The collective stomachs of Clemson fans sunk on Thursday night after it was revealed that star quarterback – and projected 2021 No. 1 overall NFL draft pick – Trevor Lawrence had tested positive for COVID-19 and would miss this week’s game against Boston College. 

Per guidelines from the Atlantic Coast Conference (ACC), which No. 1 ranked Clemson is a part of, Lawrence must isolate for at least 10 days from the onset of symptoms or a positive test before returning to football activity.

Obviously, Clemson was dealt a big blow losing Lawrence, but there is hope on the depth chart in the form of D.J. Uiagalelei, a highly recruited true freshman who entered Clemson with his own share of hype.

Here’s what you need to know about Uiagalelei ahead of his first career NCAA start – which can be seen at noon ET Saturday on TSN1 – against Boston College.

He was ranked as the No. 1 pro-style quarterback

Uiagalelei, who hails from Bellflower, Calif., was ranked as the No. 1 dropback passer in the recruiting class of 2020 by all the major recruiting services and was viewed as a top 10 recruit overall. Lawrence, who Uiagalelei is stepping in for on Saturday, was also ranked as the No. 1 dropback passer in his class.

Over his high school career, Uiagalelei threw for 10,496 yards and had 127 touchdowns against just 11 interceptions. He also rushed 1,103 yards and added another 18 touchdowns.

He has size

While Uiagalelei (6-foot-4) isn’t quite as tall as the 6-foot-6 Lawrence, he’s bigger than him weight-wise. Lawrence has a slender build, being officially listed as 220 pounds by Clemson, while Uiagalelei is more solidly built, being an eye-popping 250 pounds. People in football circles traditionally prefer bigger quarterbacks as they’re seen as being better equipped to handle the physical punishment that comes with being hit in the pocket.

"He has everything that the great ones we’ve had (had), just bigger," Clemson head coach Dabo Swinney said of Uiagalelei last December via USA Today. "He’s not 6-6 like Trevor, but none of those guys were 240 pounds, and he can run as well as anybody we’ve had. Just a special young man. Just a very humble young man. No entitlement. No drama."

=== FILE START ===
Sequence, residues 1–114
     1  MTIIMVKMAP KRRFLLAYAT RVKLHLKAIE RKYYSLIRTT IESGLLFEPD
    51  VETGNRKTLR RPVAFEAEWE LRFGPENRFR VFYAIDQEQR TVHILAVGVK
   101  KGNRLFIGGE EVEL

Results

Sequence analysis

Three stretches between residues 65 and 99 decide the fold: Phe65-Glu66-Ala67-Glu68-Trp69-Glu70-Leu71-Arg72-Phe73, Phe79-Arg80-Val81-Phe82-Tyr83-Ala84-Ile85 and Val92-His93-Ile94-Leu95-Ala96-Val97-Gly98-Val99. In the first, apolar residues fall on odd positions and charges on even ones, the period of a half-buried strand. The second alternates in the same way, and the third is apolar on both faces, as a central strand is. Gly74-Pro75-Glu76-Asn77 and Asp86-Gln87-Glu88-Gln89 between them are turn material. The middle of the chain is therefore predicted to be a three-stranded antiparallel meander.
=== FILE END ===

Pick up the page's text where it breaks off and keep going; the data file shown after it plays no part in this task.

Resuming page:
He has some NCAA experience

Saturday will be Uiagalelei’s first career start, but the first-year player has already seen action in five of Clemson’s six games this season.

One of the benefits of being a backup on the top team in college football is that Clemson often blows out teams, which affords opportunities for the backups to step in and get some game reps. Uiagalelei has gone 12-of-19 this season for 102 yards passing and has added 32 yards and two touchdowns on the ground.

It also bears noting that the true freshman won the backup job by beating out Taisun Phommachanh, who enrolled at Clemson a year ahead of Uiagalelei. 

He was a high school baseball star

At one point in time during his high school career, it wasn’t clearer whether Uiagalelei’s future laid on the gridiron or on the baseball diamond.  

As a pitcher, he reportedly has a fastball that reaches the mid-90s, and according to recruiting service Perfect Game, Uiagalelei is also capable of playing first base, third base and outfield.

In the past, there was discussion that Uiagalelei could be a top pick in the MLB draft. In September, however, he told reporters that he "most likely" won’t play baseball, choosing instead to focus solely on football.